The swamp is alive with a thousand eyes,
And all of them watchin’ you,
So stay off the track to Hattie’s shack
In the back of the Black Bayou…
What the hell is it about the darkness of the swamp that brings out the worst of our heebie-jeebies? Is it the fog, the mists, the gators, snakes, frogs, huts, balls of glowing vapor, the only light breaking through the enveloping canopy of trees being the ominous rays of a dying moon, and basically everything that goes to make up your typical witch story?
I think I just answered my own question here…
As a companion piece to The Charlie Daniels Band’s epic The Legend of Wooley Swamp, I bring you a twist of a tale, courtesy of Jim Stafford’s Swamp Witch. This Top 40 hit from 1973 has all the elements of a spooky swamp tale: an oppressive setting in a dreadful Florida swamp (with the corresponding small town nearby), a “terrifying” witch by the name of Black Water Hattie, a flood, a plague, and epic despair woven throughout the proceedings.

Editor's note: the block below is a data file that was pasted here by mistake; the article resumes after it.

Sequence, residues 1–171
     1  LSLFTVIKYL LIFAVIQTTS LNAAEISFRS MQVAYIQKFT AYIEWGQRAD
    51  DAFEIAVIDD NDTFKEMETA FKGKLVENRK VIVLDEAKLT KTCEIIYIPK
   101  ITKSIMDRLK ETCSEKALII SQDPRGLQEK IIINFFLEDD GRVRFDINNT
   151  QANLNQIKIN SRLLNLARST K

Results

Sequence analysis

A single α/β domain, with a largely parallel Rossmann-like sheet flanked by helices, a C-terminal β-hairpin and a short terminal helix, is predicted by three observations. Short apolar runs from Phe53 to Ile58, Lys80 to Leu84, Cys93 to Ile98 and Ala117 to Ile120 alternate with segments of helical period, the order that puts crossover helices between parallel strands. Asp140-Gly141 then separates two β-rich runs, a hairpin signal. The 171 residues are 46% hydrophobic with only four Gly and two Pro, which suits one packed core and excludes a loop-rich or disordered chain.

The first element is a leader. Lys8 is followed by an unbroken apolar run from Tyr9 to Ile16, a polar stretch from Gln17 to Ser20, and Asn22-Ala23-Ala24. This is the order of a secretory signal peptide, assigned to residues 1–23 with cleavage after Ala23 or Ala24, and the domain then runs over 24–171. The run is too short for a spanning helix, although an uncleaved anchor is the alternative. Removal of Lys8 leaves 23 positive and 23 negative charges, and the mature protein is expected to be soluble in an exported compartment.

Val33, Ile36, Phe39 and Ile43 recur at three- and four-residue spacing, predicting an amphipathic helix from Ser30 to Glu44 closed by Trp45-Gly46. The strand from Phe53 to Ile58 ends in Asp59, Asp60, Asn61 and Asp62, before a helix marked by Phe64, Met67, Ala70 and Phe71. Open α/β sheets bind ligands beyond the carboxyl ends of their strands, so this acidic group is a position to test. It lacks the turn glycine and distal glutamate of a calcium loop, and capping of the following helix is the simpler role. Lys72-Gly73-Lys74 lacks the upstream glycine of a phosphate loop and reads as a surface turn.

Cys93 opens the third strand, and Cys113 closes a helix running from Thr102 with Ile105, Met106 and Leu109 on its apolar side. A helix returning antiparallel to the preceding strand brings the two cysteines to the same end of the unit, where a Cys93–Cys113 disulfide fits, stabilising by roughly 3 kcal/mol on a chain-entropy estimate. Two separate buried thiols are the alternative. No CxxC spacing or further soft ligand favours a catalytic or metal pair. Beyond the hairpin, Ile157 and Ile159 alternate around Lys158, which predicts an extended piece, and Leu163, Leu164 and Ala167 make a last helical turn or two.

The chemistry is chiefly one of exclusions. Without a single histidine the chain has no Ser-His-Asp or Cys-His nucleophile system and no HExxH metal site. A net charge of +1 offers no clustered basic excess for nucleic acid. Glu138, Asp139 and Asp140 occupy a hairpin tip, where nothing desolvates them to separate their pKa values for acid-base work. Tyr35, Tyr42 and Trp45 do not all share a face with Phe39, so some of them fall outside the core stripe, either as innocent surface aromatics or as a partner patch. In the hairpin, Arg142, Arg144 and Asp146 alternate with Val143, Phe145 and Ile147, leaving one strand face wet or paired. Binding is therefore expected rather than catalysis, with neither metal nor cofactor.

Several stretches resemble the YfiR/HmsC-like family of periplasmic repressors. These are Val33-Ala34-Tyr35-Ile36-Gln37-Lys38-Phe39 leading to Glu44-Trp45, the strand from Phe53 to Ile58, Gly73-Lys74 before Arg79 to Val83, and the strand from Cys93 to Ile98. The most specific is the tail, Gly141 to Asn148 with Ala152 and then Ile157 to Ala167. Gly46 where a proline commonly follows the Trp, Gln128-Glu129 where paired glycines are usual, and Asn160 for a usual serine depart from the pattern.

You see, Black Water Hattie lives in the swamp where no one ever goes, and with good reason… I mean, a witch surrounded by snakes and gators and what-not? Forget it.
Until one day incessant rains cause the swamp to flood, bringing insects and fever and plague and death to the town. Oh, they’re convinced Hattie is responsible for everything. But is she really? Are those howls and cackles coming out of the swamp Hattie’s self-satisfied vengeance… or something wholly other entirely?
Check out Swamp Witch anytime you’re ready to whip out the torches and pitchforks, convinced you’ve found the “true enemy”…
Some said the plague was brought by Hattie,
there was talk of a hangin’, too
but the talk got shackled by the howls and the cackles
from the bowels of the Black Bayou…